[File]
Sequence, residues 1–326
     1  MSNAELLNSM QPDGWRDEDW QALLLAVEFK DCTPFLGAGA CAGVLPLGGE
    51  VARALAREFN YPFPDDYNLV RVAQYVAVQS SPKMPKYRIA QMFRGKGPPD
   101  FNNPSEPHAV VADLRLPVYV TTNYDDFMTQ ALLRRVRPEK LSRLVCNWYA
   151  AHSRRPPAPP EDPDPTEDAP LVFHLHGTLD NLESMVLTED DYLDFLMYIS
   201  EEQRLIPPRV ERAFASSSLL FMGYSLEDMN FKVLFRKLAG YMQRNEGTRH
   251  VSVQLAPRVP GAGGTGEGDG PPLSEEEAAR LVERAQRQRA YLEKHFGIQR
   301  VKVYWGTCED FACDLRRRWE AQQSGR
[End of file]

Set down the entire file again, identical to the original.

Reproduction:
Sequence, residues 1–326
     1  MSNAELLNSM QPDGWRDEDW QALLLAVEFK DCTPFLGAGA CAGVLPLGGE
    51  VARALAREFN YPFPDDYNLV RVAQYVAVQS SPKMPKYRIA QMFRGKGPPD
   101  FNNPSEPHAV VADLRLPVYV TTNYDDFMTQ ALLRRVRPEK LSRLVCNWYA
   151  AHSRRPPAPP EDPDPTEDAP LVFHLHGTLD NLESMVLTED DYLDFLMYIS
   201  EEQRLIPPRV ERAFASSSLL FMGYSLEDMN FKVLFRKLAG YMQRNEGTRH
   251  VSVQLAPRVP GAGGTGEGDG PPLSEEEAAR LVERAQRQRA YLEKHFGIQR
   301  VKVYWGTCED FACDLRRRWE AQQSGR